Death Metal Parrots, Blues, and Ribs

Not a bad weekend that just ended. The highlights:

Death Metal Parrot – Friday Night, Carrie and I went out to dinner with Pat Styles and his fiancée Lynn. While the drinks and food were great, the thing that stuck out the most was a 7″ vinyl disk on Pat’s turntable by a band I’d never heard of, Hatebeak.  Their web site puts it best:

Face-crushing guitars, head-pounding drums, bass so low you’ll vacate your bowels, and vocals so scorching, so extreme they simply can’t be human! They’re not. This death metal outfit with a parrot for a singer makes trashes the pathetic birdfeeder you call the metal underground!

Although it’s only available in vinyl, the cover and liner notes ares worth the $5 alone. Ordered!

Blues – Saturday night was the Buddy Guy / Robert Cray band down at the pier in Seattle. While I enjoy Robert Cray, I was mostly there for Buddy Guy. What a show he put on!  I thought Clapton’s version of “Hoochie Coochie Man” on “From The Cradle” was unsurpassable till I heard Buddy cut loose. It doesn’t happen often, but it brought tears to my eyes. On the title track from “Damn Right I’ve Got The Blues“, Buddy walked out into the audience and played for awhile from the bleachers in back. Plus, Buddy has the best stage banter I’ve ever seen. He genuinely seemed thrilled to be doing his thing.

Ribs – On a lark, I bought 5 lbs of Baby Back Ribs at Costco, figuring that I’d figure out how to grill them. It turned out to be much simpler than I thought. Just boil them for an hour, cover with BBQ sauce and honey, then grill about 6 minutes per side. They came out pretty darn well in my opinion. I’m glad to finally have ribs in my BBQ repertoire, and will definitely be making them again.

Comments (6)

  1. I’ve been enjoying your blog for some time but never finding a need to comment, until NOW! BOIL ribs? Oh my turning stomache 😉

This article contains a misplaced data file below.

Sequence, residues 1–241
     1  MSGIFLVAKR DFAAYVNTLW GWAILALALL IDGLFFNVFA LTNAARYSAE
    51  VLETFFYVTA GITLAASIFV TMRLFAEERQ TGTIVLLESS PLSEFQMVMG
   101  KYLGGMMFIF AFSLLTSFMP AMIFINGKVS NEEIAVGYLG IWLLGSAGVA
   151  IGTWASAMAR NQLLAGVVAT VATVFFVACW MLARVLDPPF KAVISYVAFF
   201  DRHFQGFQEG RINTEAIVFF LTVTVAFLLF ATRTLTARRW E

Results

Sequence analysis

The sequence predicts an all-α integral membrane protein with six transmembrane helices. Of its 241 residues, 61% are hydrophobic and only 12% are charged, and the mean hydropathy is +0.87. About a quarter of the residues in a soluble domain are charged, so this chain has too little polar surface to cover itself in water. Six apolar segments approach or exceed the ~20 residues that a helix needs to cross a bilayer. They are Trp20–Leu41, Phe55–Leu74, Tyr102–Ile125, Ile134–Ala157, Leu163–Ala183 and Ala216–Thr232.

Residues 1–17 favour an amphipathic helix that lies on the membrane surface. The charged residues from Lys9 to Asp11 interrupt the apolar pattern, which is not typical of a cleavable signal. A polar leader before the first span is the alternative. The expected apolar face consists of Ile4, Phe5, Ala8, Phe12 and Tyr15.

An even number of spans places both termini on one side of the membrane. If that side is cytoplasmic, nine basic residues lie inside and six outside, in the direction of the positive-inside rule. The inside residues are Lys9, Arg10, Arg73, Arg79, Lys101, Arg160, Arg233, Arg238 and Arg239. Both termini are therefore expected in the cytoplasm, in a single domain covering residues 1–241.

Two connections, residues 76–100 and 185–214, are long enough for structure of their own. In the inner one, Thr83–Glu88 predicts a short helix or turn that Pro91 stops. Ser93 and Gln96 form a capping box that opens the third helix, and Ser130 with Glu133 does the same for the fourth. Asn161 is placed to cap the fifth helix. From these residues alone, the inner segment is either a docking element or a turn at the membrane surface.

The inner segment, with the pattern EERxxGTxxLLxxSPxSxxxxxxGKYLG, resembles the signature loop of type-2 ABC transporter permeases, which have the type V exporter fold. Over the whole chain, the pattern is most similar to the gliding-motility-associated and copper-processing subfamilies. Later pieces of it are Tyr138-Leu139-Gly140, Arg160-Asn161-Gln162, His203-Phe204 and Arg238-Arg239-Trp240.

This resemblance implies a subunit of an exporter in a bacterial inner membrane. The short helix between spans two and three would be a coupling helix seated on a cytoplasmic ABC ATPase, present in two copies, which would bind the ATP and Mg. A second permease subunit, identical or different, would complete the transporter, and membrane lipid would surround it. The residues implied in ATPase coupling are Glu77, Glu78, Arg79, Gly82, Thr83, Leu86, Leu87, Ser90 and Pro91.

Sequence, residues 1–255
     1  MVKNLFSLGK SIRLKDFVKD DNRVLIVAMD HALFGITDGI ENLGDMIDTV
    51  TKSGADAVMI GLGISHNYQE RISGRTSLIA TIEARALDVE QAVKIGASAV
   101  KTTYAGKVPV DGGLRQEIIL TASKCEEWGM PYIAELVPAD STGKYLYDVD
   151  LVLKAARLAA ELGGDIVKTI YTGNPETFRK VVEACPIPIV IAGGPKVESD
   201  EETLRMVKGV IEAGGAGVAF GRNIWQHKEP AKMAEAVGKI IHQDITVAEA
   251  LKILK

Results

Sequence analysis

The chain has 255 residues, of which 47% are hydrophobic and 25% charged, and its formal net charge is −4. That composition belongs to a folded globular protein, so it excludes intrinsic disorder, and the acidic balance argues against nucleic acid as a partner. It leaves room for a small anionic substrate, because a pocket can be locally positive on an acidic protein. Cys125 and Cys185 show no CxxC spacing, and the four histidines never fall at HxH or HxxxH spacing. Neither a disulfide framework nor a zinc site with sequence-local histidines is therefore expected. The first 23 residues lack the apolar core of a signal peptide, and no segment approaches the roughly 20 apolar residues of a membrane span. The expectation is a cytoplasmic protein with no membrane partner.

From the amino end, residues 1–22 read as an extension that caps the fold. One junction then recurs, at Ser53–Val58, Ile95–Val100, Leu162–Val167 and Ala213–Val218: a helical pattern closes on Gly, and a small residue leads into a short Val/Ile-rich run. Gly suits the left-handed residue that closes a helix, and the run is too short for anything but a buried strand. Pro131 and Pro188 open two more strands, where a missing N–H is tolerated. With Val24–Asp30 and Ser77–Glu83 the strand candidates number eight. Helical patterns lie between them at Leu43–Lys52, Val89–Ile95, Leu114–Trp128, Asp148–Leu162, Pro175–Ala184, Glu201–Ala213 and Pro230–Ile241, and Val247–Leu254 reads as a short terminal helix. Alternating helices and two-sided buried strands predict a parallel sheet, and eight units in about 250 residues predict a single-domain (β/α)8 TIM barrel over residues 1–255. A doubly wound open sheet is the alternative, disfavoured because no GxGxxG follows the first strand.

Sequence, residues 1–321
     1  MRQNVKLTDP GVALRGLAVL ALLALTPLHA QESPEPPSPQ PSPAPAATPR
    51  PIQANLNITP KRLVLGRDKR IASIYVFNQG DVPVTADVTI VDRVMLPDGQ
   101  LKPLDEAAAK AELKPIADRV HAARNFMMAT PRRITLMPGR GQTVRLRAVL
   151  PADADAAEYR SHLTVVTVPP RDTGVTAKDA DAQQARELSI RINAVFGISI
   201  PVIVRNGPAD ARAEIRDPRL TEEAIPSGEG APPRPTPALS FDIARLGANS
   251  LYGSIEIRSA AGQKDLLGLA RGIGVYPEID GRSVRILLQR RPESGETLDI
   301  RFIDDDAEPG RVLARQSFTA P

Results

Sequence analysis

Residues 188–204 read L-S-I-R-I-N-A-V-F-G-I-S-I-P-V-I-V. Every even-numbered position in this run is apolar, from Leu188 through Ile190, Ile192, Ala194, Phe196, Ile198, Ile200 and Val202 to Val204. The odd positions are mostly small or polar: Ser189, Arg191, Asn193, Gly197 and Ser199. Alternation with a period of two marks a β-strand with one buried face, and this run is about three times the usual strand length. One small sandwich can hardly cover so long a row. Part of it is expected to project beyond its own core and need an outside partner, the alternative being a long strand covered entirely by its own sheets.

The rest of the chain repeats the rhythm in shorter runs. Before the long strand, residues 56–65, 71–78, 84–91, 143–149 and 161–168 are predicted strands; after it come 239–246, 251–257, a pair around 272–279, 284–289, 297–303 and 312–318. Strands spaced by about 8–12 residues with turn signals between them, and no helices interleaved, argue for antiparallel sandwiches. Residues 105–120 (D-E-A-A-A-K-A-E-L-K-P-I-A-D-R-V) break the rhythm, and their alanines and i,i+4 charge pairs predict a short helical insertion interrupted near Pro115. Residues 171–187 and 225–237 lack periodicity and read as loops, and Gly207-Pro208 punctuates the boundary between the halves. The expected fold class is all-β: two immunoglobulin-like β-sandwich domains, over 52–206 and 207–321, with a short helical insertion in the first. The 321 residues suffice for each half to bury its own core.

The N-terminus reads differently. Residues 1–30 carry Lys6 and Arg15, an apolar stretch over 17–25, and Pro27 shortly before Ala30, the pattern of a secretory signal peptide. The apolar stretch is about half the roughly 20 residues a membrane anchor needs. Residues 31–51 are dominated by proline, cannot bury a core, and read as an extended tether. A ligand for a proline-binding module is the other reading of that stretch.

Ribs are very easy but plan on about 45 min on the grill, plus heatup time – the secret is indirect heat. Debates rage on over dry rubs, sauce bases (tomato, vinegar, mustard, etc.) but personally I like them all. I’ve been experimenting with dry rubs lately…

    Ribs in 6 easy steps:

    1. Build charcoal fire off to one side – let heat 20 min. Electric start is best. If you use fluid, heat longer to make sure it is all burned off otherwise you’ll taste it. If you have gas, only light one side/burner.

    2. Lay ribs around the other side so they’re NOT over direct heat.

    3. Cover for 20 minutes, depending on how thick they are. NOTE: DO NOT sauce yet!

    4. Move ribs bone-down over the heat. Sauce if you have it… Cook about 10 min more.

    5. Flip ribs keeping them over the heat. NO MORE than five minutes – the sugars in the sauce or rub will burn.

    6. Flip back bone-down another five min or so. Slather more sauce.

    Ding! Put a fork in ’em & enjoy!

  2. Matt Pietrek says:

    Brian: I’ve been a fan of indirect grilling lately. However, ribs are the biggest and bulkiest think I’ve attempted so far. For my first trial run I wanted to keep it simple. Going forward I think I’ll try more advanced techniques.

  3. John says:

    I agree with Brian. Boiling ribs? Not going to have much gelatin left that way, so you’ll never get the full finger-lickin’ experience. Also, as one TV chef points out, water "doesn’t bring much flavor to the party".

    Either slowly grill-roast them (an hour on indirect grill heat @ 325 degrees F, followed by sauce which is then browned for 15 minutes) or braise them, as in this recipe. [1] And either way, make sure you use plenty of spice rub, preferably overnight! You’ll have much better flavor.


  4. Matt Pietrek says:

    I didn’t just boil the ribs in water. I added onions, garlic and worcester sauce. The concept came from "Cooking With Fire And Smoke"(, by Phillip Stephen Schulz.

  5. The Death Metal Parrto rules 😉

  6. Keith Sader says:

    Hmmm, coming from the BBQ capital of Kansas City, I have to disagree w/any form of cooking ribs that takes less than four hours. The AB braising method excused because he doesn’t call it BBQ.

    The four hour method can be done w/a gas grill, a cast iron skillet, and some woodchips. If you want details email me at

    The most important thing for ribs is the rub. Pick one rub like and use it – a lot. The second thing is smoke. For real , IMO, BBQ ribs you will need at least 10 hours, 12 is better. Use lump charcoal as the fire base and then a mixture of wet hardwood chunks/chips as the smoking agent. Your temperature during the cooking process should be between 180 and 220. My tip(s) on smoke would be use hardwoods only, and don’t use 100% hickory. Mix hickory w/something else. 100% hickory is too strong a flavor.

    Best of luck!